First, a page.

From Seeds to Islands: Growth of Oxidized Graphene by Two-Photon Oxidation
Koivistoinen, J., Sládková, L., Aumanen, J., Koskinen, P., Roberts, K., Johansson, A., . . . , & Pettersson, M. (2016). From Seeds to Islands: Growth of Oxidized Graphene by Two-Photon Oxidation. Journal of Physical Chemistry C, 120 (39), 22330-22341. doi:10.1021/acs.jpcc.6b06099
Published inJournal of Physical Chemistry C
© 2016 American Chemical Society. This is a final draft version of an article whose final and definitive form has been published by American Chemical Society. Published in this repository with the kind permission of the publisher.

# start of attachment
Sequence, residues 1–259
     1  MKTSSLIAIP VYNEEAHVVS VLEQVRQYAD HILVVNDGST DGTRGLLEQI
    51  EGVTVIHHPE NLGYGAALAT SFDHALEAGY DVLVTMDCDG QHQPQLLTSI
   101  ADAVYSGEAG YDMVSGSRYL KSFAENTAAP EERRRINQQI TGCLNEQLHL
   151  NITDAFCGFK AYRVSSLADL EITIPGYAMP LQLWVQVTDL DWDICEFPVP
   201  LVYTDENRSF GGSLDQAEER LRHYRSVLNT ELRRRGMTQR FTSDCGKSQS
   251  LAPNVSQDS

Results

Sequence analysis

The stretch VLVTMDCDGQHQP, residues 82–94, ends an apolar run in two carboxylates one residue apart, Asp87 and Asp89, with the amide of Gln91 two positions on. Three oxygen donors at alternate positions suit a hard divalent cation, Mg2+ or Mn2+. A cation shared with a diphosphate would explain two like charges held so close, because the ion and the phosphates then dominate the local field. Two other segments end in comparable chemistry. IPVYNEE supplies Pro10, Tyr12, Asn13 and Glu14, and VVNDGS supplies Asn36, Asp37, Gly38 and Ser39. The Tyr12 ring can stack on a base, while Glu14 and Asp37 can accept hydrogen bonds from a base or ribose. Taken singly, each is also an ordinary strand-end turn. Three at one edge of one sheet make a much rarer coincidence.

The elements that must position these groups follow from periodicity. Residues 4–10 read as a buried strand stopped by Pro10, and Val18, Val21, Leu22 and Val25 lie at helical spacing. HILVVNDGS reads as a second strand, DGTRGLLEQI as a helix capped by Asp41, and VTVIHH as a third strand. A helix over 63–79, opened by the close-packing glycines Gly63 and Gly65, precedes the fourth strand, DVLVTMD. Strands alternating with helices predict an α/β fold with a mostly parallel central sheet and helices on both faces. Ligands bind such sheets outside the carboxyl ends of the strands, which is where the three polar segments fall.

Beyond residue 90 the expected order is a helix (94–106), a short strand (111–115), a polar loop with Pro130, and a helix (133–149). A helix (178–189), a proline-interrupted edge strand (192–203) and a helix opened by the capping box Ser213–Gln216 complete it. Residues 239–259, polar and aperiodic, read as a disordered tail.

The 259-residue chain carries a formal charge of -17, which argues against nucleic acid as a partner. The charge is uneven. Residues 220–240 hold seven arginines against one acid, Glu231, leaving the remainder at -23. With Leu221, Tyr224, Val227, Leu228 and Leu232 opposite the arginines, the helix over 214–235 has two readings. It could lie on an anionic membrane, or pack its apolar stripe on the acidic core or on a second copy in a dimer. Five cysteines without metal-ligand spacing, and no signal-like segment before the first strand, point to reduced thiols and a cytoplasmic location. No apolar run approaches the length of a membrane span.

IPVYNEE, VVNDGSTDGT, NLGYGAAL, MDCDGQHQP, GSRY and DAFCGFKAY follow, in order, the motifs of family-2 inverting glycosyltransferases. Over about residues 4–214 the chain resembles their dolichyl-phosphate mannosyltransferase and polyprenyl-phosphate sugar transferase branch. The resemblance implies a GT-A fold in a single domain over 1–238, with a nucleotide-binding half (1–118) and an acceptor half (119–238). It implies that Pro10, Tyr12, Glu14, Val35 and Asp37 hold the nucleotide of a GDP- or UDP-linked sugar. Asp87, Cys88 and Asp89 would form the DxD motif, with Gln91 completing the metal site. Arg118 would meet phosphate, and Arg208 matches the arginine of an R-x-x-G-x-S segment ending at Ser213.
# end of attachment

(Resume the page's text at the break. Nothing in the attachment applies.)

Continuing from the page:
The mechanism of two-photon induced oxidation of single-layer graphene on Si/SiO2 substrates is studied by atomic force microscopy (AFM) and Raman microspectroscopy and imaging. AFM imaging of areas oxidized by using a tightly focused femtosecond laser beam shows that oxidation is not homogeneous but oxidized and nonoxidized graphene segregate into separate domains over the whole irradiated area. The oxidation process starts from point-like “seeds” which grow into islands finally coalescing together. The size of islands before coalescence is 30–40 nm, and the density of the islands is on the order of 1011 cm–2. Raman spectroscopy reveals growth of the D/G band ratio along the oxidation. Sharpness of the D-band which persists over a large range of oxidation and the maximal value of the intensity ratio of the D- and G-bands (∼0.8) indicates that graphene oxidation proceeds by an increase of the oxidized area rather than progression of oxidized areas to fully disordered structure. A phenomenological model is developed which explains the observations. According to the model, the probability for oxidation of a site next to an already oxidized site is 5 orders of magnitude higher than oxidation of pristine graphene. Irradiation of an extended area by raster scanning leads to a formation of an irregular nanomesh of oxide islands with a narrow size distribution. The phenomenological model yields similar results as the experiment. This study forms a basis for controlled use of two-photon oxidation for tailoring properties of graphene and patterning it with submicrometer resolution. ...